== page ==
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AIDS Drug Research Could End,
Drug Companies Warn

Compiled by GayToday

Geneva, Switzerland-The international pharmaceutical industry is warning that AIDS research and the development of new AIDS drugs could stop if patents are allowed to be loosened so that poor countries might be allowed to get medicines at lower costs.

Delegates to the World Trade Organization were told that the Agreement on Trade-Related Intellectual Property Rights (TRIPS) patents must not be amended on behalf of the poor. TRIPS, condemned by those advocating access to AIDS drugs for the disadvantaged, sets the conditions under which patents on medicines can be set aside. As a rule, patents last for at least 20 years.

Dr. Rolf Krebs, chair of Boehringer Ingelheim and president of the Independent Federation of Pharmaceutical Manufacturers Associations (IFPMA) insisted that "More flexibility in TRIPS would be disastrous for continuing investment in research and development on AIDS." Dr. Krebs believes that governments might declare non-existent national health emergencies if patent laws established in 1994 were to be altered.

Although no final decision was reached in Geneva last week, developing countries are expected to demand changes in TRIPS in November when there will be a WTO ministerial meeting in Qatar.

The pharmaceutical moguls denounced those who'd made no contribution to drug development but would be the beneficiaries of a forced surrendering of patents.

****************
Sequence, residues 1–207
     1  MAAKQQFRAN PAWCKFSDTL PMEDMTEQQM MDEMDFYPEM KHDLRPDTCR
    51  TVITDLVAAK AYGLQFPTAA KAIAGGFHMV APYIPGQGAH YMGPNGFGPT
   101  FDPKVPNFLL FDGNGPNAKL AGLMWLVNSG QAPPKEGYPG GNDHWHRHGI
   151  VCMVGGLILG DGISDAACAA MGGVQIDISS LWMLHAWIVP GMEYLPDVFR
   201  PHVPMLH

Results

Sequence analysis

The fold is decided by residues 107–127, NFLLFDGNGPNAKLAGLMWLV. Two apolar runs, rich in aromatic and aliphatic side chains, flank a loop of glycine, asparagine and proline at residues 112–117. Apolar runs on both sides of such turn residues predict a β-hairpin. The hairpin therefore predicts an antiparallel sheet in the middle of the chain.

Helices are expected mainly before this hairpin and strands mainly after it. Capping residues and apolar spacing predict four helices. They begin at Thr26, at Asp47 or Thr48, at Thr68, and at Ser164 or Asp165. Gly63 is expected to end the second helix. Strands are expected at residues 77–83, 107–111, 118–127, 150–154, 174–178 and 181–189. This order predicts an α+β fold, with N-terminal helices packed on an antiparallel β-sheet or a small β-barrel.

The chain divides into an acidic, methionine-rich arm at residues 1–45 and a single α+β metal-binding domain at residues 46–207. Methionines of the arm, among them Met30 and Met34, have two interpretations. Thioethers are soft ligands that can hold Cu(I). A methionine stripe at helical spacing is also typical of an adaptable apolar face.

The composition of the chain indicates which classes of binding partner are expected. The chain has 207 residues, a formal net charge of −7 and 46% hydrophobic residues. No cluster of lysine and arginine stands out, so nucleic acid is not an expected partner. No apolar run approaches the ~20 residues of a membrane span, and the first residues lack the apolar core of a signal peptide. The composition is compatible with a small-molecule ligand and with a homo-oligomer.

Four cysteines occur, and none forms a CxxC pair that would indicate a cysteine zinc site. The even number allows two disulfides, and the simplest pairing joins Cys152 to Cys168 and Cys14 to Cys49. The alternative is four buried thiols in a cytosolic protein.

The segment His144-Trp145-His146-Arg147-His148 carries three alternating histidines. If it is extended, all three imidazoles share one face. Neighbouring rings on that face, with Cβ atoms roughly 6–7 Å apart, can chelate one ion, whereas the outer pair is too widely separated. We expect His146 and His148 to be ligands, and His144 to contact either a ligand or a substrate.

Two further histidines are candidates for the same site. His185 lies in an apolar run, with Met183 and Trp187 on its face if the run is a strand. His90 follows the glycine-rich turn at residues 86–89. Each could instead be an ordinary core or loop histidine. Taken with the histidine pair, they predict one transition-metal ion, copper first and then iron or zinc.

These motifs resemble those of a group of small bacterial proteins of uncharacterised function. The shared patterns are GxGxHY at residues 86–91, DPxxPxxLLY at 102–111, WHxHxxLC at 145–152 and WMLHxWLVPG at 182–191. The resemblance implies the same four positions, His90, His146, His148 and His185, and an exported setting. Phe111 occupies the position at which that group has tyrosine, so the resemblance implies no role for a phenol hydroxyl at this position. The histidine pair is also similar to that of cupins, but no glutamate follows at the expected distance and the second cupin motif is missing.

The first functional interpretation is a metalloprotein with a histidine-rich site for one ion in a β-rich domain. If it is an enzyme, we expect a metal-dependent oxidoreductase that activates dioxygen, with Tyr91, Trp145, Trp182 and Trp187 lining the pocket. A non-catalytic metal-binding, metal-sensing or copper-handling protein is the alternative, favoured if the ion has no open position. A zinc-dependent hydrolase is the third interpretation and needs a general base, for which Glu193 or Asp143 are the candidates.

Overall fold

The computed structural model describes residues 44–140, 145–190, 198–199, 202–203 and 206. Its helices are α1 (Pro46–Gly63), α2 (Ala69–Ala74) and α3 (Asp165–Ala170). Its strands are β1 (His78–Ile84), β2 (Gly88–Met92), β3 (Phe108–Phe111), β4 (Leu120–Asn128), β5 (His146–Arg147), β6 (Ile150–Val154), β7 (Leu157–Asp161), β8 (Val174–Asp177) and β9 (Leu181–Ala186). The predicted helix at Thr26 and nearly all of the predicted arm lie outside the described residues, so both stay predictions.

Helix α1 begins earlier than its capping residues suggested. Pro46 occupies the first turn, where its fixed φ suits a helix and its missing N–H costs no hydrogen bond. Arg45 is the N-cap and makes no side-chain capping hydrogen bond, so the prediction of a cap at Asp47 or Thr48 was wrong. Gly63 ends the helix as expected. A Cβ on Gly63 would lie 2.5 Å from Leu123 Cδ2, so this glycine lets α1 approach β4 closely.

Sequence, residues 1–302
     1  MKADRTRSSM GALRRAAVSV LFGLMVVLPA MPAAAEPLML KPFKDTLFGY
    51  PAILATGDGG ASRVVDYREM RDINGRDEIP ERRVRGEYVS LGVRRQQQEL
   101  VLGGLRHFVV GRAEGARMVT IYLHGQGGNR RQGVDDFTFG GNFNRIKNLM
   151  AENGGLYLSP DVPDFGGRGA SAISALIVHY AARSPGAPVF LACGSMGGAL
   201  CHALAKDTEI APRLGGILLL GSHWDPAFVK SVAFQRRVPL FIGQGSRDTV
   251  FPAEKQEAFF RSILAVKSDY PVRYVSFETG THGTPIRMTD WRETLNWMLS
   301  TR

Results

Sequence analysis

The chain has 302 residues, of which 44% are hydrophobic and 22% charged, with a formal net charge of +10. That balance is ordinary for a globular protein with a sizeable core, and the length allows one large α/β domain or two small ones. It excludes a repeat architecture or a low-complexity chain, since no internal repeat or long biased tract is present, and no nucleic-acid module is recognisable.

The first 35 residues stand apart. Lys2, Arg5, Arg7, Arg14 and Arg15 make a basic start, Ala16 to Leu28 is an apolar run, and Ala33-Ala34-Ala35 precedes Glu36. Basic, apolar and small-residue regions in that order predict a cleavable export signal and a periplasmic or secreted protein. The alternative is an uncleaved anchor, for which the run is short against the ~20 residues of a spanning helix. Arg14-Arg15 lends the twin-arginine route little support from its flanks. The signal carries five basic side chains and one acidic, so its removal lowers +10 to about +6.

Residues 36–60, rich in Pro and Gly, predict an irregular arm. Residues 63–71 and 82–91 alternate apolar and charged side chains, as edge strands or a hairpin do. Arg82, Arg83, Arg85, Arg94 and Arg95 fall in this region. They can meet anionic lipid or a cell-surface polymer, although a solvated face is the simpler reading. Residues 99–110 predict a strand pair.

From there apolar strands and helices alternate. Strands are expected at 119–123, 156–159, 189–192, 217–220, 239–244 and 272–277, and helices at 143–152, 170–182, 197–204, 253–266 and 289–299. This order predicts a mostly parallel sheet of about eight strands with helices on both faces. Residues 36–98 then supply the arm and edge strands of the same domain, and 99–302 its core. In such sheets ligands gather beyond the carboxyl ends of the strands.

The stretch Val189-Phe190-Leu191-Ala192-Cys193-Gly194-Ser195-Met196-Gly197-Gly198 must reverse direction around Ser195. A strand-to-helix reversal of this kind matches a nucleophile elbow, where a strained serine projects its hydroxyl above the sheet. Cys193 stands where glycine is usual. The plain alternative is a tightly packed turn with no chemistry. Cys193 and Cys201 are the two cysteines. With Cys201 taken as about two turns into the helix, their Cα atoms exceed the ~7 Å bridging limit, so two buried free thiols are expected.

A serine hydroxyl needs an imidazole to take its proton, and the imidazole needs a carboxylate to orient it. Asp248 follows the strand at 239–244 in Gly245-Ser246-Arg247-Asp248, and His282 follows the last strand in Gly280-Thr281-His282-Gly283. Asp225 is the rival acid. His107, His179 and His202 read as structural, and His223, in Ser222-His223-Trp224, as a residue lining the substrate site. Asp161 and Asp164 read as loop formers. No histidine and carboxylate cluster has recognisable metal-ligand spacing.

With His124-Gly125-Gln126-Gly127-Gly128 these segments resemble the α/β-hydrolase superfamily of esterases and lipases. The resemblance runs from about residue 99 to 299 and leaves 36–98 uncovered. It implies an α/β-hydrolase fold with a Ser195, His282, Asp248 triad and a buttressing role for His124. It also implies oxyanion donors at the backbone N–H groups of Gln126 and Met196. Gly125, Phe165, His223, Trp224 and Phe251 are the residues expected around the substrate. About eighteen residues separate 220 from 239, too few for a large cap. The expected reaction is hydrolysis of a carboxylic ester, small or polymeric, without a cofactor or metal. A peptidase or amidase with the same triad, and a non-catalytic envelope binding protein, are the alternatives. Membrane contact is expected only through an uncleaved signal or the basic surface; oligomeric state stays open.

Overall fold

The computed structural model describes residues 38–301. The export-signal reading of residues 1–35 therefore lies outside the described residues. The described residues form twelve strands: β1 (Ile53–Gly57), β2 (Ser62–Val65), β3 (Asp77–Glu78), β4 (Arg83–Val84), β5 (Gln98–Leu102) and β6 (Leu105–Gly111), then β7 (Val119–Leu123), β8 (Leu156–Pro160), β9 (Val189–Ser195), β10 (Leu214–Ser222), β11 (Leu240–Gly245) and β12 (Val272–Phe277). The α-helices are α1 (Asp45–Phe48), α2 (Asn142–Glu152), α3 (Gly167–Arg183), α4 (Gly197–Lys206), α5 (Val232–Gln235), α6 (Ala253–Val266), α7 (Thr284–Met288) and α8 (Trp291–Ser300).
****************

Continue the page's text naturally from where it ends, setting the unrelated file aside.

Investors, they claimed, would be threatened by such changes and would most likely insist that pharmaceutical firms turn their focus on other diseases, such as cancer. "So it is important to maintain a stable basis for this industry to invest," said the AIDS drug lords.

The development of new anti-AIDS compounds has already declined during the past 3 years. That decline, say the industry's brass, must be blamed on the noisy campaigns by AIDS activists against their companies' prices. The WTO's dispute settlement body features trading partners who believe that patents belonging to companies under their jurisdiction are being unjustifiably violated.

Developing nations complain the TRIPS rules make it impossible for them to buy life-saving drugs, thus condemning millions of their citizens to torturous deaths.

Related Articles from the GayToday Archive:
AIDS Treatment Access in Developing Countries

The Politics of Life and Death: Global Responses to HIV and AIDS

Africa and the Devastation of the Human Species

Related Sites:
National Institute of Health: AIDS Research
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Oxfam, an organization working toward a more equitable sharing of essentials for the poor, issued a statement:

"The essential flaw of TRIPS is to oblige all countries, rich and poor, to grant at least 20 years' patent protection for new medicines, thereby delaying production of inexpensive generic substitutes upon which developing-country health services and poor people depend."

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